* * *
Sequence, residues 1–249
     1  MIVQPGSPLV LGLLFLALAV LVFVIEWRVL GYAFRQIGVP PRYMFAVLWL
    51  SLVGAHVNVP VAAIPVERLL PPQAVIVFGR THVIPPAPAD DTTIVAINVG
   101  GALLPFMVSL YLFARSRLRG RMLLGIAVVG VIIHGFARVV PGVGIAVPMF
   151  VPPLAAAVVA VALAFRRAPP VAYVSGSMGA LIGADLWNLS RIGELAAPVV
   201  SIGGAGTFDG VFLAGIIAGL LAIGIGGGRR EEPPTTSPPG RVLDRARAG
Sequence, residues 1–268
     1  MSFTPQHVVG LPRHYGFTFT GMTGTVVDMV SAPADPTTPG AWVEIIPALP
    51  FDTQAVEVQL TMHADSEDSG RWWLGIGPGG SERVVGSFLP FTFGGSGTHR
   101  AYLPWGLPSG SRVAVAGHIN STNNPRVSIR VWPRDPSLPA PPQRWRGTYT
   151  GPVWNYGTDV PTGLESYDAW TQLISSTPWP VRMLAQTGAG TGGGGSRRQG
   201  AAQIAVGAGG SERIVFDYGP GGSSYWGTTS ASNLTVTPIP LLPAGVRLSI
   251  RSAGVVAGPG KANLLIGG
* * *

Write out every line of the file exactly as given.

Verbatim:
Sequence, residues 1–249
     1  MIVQPGSPLV LGLLFLALAV LVFVIEWRVL GYAFRQIGVP PRYMFAVLWL
    51  SLVGAHVNVP VAAIPVERLL PPQAVIVFGR THVIPPAPAD DTTIVAINVG
   101  GALLPFMVSL YLFARSRLRG RMLLGIAVVG VIIHGFARVV PGVGIAVPMF
   151  VPPLAAAVVA VALAFRRAPP VAYVSGSMGA LIGADLWNLS RIGELAAPVV
   201  SIGGAGTFDG VFLAGIIAGL LAIGIGGGRR EEPPTTSPPG RVLDRARAG
Sequence, residues 1–268
     1  MSFTPQHVVG LPRHYGFTFT GMTGTVVDMV SAPADPTTPG AWVEIIPALP
    51  FDTQAVEVQL TMHADSEDSG RWWLGIGPGG SERVVGSFLP FTFGGSGTHR
   101  AYLPWGLPSG SRVAVAGHIN STNNPRVSIR VWPRDPSLPA PPQRWRGTYT
   151  GPVWNYGTDV PTGLESYDAW TQLISSTPWP VRMLAQTGAG TGGGGSRRQG
   201  AAQIAVGAGG SERIVFDYGP GGSSYWGTTS ASNLTVTPIP LLPAGVRLSI
   251  RSAGVVAGPG KANLLIGG